• choosing a business name and protecting your IP (you can check if your business name, web domain, trademark and social media usernames are available with One Check);
  • creating a thorough legal agreement;
  • applying for a New Zealand Business Number (NZBN) (there is no additional cost associated with this, all you need is an IRD number and proof of identity);
  • setting aside funds to cover your tax obligations, including GST if you earn over $60,000 a year (the business will need to register for its own IRD number);
  • registering with IRD as an employer if you hire staff (your spouse, de-facto partner or civil union partners require further approval to work in the business);
  • registering with ACC (your levy depends on the type of work that each partner will be doing and there are additional charges for employees); 
  • setting up a business bank account to avoid getting your personal and business expenses mixed up; and
  • deciding on the best system to manage your finances.  

Key Takeaways

Setting up and running your business as a partnership in New Zealand is relatively easy. However, before you choose a structure, consider whether this is the best outcome for you by thinking about the legal and financial implications of your choice. Notably, when you chose this business structure, you share the ownership and control of your business with your partners. You will need to decide whether to structure your partnership as a general or limited one. Finally, it is a good idea to sign a legal agreement to clearly set out the rules for all partners. This will help to avoid disagreements later down the track. If you need help deciding on your company structure or setting up a partnership, contact LegalVision’s business lawyers on 0800 005 570 or fill out the form on this page.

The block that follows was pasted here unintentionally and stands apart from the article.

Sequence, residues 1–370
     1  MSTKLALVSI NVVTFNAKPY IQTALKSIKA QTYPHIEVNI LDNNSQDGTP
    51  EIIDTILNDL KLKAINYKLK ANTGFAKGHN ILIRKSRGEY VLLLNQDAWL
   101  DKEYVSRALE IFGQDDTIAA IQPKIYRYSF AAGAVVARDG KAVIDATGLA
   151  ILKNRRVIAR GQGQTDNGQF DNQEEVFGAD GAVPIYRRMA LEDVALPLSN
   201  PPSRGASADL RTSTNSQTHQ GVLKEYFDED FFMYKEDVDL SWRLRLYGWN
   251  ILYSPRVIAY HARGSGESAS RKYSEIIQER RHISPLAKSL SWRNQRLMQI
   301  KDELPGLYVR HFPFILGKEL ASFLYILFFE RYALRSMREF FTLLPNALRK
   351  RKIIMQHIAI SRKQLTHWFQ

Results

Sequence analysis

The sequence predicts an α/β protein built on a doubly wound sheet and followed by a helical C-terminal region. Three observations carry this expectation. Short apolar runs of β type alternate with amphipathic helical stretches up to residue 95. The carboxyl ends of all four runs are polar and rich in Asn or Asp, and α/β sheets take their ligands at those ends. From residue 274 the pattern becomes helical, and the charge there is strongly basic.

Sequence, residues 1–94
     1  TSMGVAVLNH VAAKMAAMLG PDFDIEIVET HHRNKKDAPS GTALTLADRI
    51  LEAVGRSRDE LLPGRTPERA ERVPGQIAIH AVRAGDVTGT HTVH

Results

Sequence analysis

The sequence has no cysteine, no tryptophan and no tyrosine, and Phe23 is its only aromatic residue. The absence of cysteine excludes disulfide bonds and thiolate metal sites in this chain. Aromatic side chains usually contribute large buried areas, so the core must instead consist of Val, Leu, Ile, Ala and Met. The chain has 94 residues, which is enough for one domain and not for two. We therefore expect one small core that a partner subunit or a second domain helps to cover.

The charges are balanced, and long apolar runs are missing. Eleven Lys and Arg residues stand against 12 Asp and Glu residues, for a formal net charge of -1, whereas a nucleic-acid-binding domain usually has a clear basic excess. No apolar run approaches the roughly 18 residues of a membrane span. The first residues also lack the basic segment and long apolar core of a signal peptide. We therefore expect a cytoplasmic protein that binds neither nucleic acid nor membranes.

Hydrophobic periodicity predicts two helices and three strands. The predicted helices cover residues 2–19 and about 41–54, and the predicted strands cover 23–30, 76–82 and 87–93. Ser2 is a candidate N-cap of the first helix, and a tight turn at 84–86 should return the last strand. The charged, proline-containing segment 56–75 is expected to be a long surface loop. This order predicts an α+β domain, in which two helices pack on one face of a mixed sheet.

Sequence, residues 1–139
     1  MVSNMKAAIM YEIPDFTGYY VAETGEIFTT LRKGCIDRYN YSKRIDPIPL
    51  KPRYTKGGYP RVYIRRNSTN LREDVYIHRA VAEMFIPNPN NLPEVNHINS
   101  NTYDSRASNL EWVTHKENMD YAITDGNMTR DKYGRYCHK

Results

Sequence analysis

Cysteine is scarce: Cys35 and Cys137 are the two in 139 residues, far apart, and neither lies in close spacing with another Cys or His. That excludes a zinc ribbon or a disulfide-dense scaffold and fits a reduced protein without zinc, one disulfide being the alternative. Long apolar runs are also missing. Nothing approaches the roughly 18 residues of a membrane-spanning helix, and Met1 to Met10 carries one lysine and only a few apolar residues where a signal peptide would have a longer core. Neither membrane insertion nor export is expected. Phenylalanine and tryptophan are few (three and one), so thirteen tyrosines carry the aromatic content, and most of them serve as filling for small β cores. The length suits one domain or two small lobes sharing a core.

FAQs

What does business partnership mean?

A partnership is a business structure that allows you to share the ownership, control and profits and losses with other people. A partnership is an alternative to setting up your business as a sole trader or a company.

What is an example of a business partnership?

A partnership structure generally appeals to businesses operating in industries like law, accounting and farming.

What are the advantages of operating a business partnership?

A partnership structure is beneficial if you want to share the responsibilities and costs of running a business with other people. This also allows each partner to focus on their specialty and bring in new business.

How do I set up a business as a partnership?

You can set up a partnership by choosing a business name and applying for an NZBN. You can then register with IRD and notify them that you will hire staff. Finally, you will need to register with ACC and set up a business bank account. It is also a good idea to create a thorough partnership agreement.